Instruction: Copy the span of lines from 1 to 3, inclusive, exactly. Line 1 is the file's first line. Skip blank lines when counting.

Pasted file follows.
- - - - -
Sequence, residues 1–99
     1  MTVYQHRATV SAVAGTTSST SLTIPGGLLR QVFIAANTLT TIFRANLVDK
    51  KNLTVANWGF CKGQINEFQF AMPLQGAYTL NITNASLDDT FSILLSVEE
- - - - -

Sequence, residues 1–99
     1  MTVYQHRATV SAVAGTTSST SLTIPGGLLR QVFIAANTLT TIFRANLVDK
    51  KNLTVANWGF CKGQINEFQF AMPLQGAYTL NITNASLDDT FSILLSVEE